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Veterinarians are a lot like pediatricians. Not only do our patients struggle, scream, cry, and otherwise communicate in ways that often leave much to be desired, but like "baby doctors," we also have parents to contend with. And parents come with their own set of challenges.
Perhaps nowhere is the fact of parental influence more stressful than when it comes to talking about their pets’ behavior. The preponderance of animal behavior misinformation delivered by everyone from Dr. Google and Dr. Breeder to Dr. Mother-in-Law to Dr. TV Pet Personality means that simple misconceptions can easily turn into culturally intractable myths.
Sadly, veterinarians are too often relegated to the final stop on the fix-this-problem bus tour of any given pet’s by-now-too-serious-to-live-with behavior disorder. Which is probably why pet behavior myths drive us crazy. After all, we know too well what happens when behavior problems get out of control: Problem pets are unwanted pets. And unwanted pets end up in shelters.
Which is why veterinarians are always busy trying to debunk myths like these five zingers:
Myth 1: Aggressive pets are trying to dominate us. This is not always true. Indeed, it’s usually not. Aggression is much more likely the result of fear or anxiety than the desire to dominate anyone. Nonetheless, people seem to prefer to believe that aggressive or difficult pets are attempting to control their environments than reacting to its stresses. The observation of wolf hierarchies —which has been shown to be an inapt model — largely informs this canine worldview.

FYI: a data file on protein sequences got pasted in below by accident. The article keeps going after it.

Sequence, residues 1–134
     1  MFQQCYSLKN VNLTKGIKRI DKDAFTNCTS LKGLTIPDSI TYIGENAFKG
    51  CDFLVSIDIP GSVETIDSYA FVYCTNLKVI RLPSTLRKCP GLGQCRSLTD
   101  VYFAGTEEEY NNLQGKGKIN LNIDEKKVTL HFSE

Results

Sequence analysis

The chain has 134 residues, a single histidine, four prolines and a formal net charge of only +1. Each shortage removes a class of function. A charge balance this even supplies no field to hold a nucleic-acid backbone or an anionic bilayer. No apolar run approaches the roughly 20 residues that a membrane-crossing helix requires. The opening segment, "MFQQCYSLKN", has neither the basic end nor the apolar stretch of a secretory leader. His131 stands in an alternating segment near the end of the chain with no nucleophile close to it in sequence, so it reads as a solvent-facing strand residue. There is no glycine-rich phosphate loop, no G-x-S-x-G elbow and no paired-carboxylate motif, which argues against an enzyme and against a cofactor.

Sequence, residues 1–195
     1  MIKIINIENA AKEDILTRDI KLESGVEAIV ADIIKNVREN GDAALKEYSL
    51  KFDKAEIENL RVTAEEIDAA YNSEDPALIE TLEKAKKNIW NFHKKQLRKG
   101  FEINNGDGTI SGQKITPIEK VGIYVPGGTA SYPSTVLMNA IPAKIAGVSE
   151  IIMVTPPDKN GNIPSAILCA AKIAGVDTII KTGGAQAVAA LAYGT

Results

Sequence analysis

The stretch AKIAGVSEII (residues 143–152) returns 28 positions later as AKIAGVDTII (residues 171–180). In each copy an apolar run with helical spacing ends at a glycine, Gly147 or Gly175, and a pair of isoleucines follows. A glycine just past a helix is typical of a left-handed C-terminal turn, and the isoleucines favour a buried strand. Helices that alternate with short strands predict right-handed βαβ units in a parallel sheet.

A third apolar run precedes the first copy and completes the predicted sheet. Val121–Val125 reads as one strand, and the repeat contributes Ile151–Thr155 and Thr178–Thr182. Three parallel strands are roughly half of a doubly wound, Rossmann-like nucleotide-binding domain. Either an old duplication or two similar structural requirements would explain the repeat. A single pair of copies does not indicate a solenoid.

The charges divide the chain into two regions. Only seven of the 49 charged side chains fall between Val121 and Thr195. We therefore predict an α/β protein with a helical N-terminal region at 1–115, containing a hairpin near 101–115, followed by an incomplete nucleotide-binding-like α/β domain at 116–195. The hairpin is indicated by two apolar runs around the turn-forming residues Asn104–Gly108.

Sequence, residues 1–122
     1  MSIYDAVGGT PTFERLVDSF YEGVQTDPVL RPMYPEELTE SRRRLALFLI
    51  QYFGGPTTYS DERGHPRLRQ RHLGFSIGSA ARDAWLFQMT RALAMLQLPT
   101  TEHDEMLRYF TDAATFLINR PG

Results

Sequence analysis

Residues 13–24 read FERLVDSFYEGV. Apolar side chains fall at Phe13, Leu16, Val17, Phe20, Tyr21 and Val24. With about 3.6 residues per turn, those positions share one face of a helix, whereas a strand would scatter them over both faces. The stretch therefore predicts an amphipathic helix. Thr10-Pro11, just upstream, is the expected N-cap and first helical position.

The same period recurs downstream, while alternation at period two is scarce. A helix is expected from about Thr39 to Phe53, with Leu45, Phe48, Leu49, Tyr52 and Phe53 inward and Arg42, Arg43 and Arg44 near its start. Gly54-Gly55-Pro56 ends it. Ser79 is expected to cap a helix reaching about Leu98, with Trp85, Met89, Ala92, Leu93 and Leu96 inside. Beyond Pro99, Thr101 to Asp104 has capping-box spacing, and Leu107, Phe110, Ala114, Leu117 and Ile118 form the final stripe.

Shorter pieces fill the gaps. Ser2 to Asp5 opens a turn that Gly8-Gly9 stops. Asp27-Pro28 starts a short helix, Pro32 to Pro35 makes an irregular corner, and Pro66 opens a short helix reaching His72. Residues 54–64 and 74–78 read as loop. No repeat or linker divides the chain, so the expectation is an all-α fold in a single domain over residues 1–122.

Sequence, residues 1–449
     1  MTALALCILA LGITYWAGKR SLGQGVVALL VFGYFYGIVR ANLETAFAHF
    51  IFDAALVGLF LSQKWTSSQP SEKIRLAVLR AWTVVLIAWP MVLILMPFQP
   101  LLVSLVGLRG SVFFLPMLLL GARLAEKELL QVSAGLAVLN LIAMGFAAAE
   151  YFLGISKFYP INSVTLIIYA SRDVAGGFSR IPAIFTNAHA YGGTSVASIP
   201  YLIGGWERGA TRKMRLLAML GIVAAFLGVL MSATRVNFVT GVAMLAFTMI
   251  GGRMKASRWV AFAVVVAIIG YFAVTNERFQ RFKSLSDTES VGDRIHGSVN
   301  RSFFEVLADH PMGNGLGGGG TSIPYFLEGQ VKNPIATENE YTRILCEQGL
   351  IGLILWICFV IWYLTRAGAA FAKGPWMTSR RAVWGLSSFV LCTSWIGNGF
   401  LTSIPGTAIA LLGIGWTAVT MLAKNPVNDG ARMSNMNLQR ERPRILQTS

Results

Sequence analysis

Sadly, this misconception about dogs — widely disseminated by certain popular media personalities — has led to the more widespread use of punitive training techniques that can lead to even more serious behavior problems than they purport to address.
Myth 2: Abuse is the root cause of fear and aggression in pets. If we had a dime for every time we were informed of our patients’ past history of abuse, every veterinarian I know would have a stack a mile high. Sure, it’s possible. But if every owner who believed their pet was formerly physically abused was spot-on in their suspicions, we’d have to assume pet abuse is far more prevalent than we currently believe it to be.
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